Saturday, October 15, 2011
galleries are not just for grown-ups
Some days are hard, really hard to get through. Some days I wonder how Calder will make it in this world.....then there are days like today. When everything seems perfect.
When I was pregnant with Calder and after we decided to move to this little art hub of a city, I said to myself that I would expose Calder to art by visiting the galleries on Canyon Rd. starting when he was an infant. He could stroll in his stroller or sit in a sling and just look at all the colorful paintings as I would whisk by..... Well, it became apparent early on, that just wasn't going to happen.
Starting early in his first couple of years Calder had a bit of a hangup with doors. At first it was cute how he would open and close them. Then it became a hassle to wait while he opened and closed them over and over. Some places like Trader Joes are awful....where the doors are automatic. Still to this day, if he is with Eric or I and we approach automatic doors, he insists we wait until they close so that HE can make them open. Try doing this on a weekday evening when everyone and their mother are out shopping. Many times, it goes like this: 1- look like a creampuff and give into it, or 2-face a meltdown. What would you pick? Well, I opt for the creampuff.
Today we decided to take the kids up to Canyon Rd. for an open gallery walk. We parked the car on a side street and walked up to the first gallery. Outside we saw large sculptures of animals which is totally fun with kids. We went inside where I noticed there were several tiny doors and steps leading to small rooms with more doors in those rooms. Calder definitely noticed all the doors. One gallery we went into, Calder's first words were "where's the elevator?". All being single-level adobe architecture, I knew there would be no such elevator. For those of you who don't know Calder, lets just say he loves elevators even more than doors. When we take him to Explora in Albuquerque (a children's hands-on science center) his favorite thing, hands down, is the giant red elevator WITH A SOFA INSIDE! I have to agree with him it IS pretty darn cool.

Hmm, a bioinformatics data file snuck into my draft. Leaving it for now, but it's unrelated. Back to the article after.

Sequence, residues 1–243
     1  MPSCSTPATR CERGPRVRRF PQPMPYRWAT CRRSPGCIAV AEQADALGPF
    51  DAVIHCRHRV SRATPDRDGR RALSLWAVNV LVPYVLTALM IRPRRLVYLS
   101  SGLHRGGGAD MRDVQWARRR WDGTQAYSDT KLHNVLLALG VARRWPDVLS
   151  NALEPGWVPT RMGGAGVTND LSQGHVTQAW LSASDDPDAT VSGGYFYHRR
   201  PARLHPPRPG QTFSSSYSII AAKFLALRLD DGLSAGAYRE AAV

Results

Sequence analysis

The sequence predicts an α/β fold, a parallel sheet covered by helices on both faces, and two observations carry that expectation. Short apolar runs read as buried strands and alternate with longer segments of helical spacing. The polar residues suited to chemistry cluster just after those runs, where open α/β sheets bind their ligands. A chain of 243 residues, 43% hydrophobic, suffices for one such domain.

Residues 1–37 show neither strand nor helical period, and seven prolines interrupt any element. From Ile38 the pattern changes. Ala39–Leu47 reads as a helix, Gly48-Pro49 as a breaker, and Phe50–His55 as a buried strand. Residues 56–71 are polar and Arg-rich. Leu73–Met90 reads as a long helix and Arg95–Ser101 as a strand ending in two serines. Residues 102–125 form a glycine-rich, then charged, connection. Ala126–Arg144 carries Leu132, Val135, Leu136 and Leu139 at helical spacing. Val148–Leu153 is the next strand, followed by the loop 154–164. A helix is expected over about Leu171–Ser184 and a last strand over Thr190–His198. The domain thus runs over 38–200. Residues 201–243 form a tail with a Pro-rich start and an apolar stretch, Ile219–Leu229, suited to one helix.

So guess what? No door hangups today, no blocking the flow of onlookers with a melt-to-the-floor-freak-out-puddle, no loud hollaring as we drag him out the serene gallery. No, it was much better than that. Went more like this: "let's discuss the art, which is your favorite?", "yeah nice door huh?....but can you spot the white buffalo? yeah, there it is". When a few folks spoke to him, he didn't run off or cower to the floor or say *and I hate this one*, "I don't like that man". Rather, he spoke with them. He even painted when one of the local gallery artist invited him to paint on his mixed media piece. Holy WOW! I want to say to everyone, you know how big a deal this is? That he is speaking to you and looking at the art? He's 5! He's 5, with autism. I was so proud of him. And you know what? He had fun. I made sure to ask him several times. He definately noticed all the doors, steps, keypads, lighswitches and the lack of any elevator, but he knew that was not why we were there. We were there to look at art.